Chairman Stevens asked Dr. Ken Draut, Associate Commissioner, KDE, to explain administration regulation 703 KAR 5:060. He noted there was a summary of the administrative regulation and a letter from of the Office of Education Accountability (OEA) concerning the regulation in the members’ folders. He said the actual regulation was not in members’ folders because it has not actually been filed with the Legislative Research Commission. Dr. Draut said the regulation is an interim regulation and covers the 2009-2010 and 2010-2011 school years. At the end of that time, KDE will write a regulation that covers all the new assessments and accountability for the long-term model. He said the reason for bringing the regulation forth was to replace indices from the Commonwealth Assessment and Accountability System (CATS) that were eliminated after the passage of Senate Bill 1, enacted from the 2009 Kentucky General Assembly. He briefly explained the six sections of the regulation. They were: 1) Student assessments lists the state-required assessments (Kentucky Core Content Test (KCCT), Norm-Referenced Test, and Readiness assessments) and establishes a KCCT test window with a six-day schedule; 2) Data collection supports the statutory requirements for nonacademic data collection and establishes a transition process for graduation rates that moves Kentucky to using the federally-required cohort model. This change will increase attention on graduation rates by reporting rates for all students and for No Child Left Behind (NCLB) students groups. The first impact to NCLB reporting will occur in 2010-2011; 3) Reporting establishes new measures for NCLB reporting for other academic indicator (elementary and middle) and safe harbor and creates a data review period for NCLB reports. The other academic indicator would use social studies, science and writing-on-demand scores for elementary and middle schools; 4) Schools not conforming to standard grade configuration establishes waiver requests; 5) Schools having more than one level describes how an aggregated average of data for the school is used in NCLB reporting. He said sections four and five remove references to state accountability; and 6) Assistance describes a continuum of service to provide supports for Non-Title I and Title I schools not meeting NCLB goals. Assistance is based on an intervention matrix. Dr. Draut said KDE will come back and explain the details of the administrative regulation at the appropriate time.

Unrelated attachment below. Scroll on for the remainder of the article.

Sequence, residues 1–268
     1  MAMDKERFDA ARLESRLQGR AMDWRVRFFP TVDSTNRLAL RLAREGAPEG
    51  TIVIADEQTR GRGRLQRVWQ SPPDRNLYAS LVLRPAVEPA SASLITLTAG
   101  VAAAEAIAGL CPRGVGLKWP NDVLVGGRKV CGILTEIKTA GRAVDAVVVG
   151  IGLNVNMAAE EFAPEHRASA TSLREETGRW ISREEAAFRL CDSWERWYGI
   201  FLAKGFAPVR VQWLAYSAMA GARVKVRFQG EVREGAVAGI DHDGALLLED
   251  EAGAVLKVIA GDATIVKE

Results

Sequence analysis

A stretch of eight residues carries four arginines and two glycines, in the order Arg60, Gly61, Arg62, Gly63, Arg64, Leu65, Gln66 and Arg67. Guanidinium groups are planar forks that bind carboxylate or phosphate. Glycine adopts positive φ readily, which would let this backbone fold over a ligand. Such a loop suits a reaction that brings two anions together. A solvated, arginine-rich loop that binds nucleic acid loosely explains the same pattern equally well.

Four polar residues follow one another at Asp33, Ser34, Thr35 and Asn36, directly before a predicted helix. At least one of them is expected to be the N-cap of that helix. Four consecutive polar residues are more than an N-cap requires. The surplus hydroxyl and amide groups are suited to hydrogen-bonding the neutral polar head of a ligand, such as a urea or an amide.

Chairman Stevens introduced Ms. Marcia Seiler, Director, (OEA), to make comments and introduce OEA staff to explain two reports. Dr. Ken Chilton, Director of Research, and Dr. Keith White, Research Analyst, OEA, explained the OEA report “Leadership Training for Superintendents, Board Members, Principals, and School-Based Decision Making Councils.” Dr. Chilton said the presentation overview would focus on leadership duties and responsibilities, training requirements, monitoring training, and survey results.
Dr. Chilton reviewed the prerequisites for each education leadership position. Superintendents, principals, and teachers require certifications, board members must have a high school diploma or its equivalent, and school-based decision making council members must have a child enrolled in school. He also discussed general duties of each position.
Dr. Chilton said the number of annual training hours for superintendents and principals is greater than for board and council members. Superintendents are required to receive 42 hours of training over a 24 month period or the equivalent of 21 hours as part of an individual growth plan annually. Principals must complete 21 hours of leadership training per year. The requirements for board and council members vary by the individuals’ level of experience. Board members with 3 years or less of experience must complete 12 hours of annual training, while members with 4-7 years complete 8 hours of annual training and members with 8 or more years of experience must complete 4 hours of annual training. New school-based decision making council members are expected to complete 6 hours of annual training and all members with more than 1 year of experience have to complete 3 hours of annual training. Failure to complete mandated training can lead to the loss of a superintendent’s or principal’s certificate. Similarly, board members can be removed from their leadership position for failure to attend training. He said there is no statute or regulation setting out discipline for failure of a council member to receive training. He said data in 2008 showed 11 board members not receiving their training, but they were all granted extensions due to extenuating circumstances. There were no superintendents, board members, or principals who lost their certificates due to not completing the required training. There were 234 school-based decision making council members not receiving training in 2008.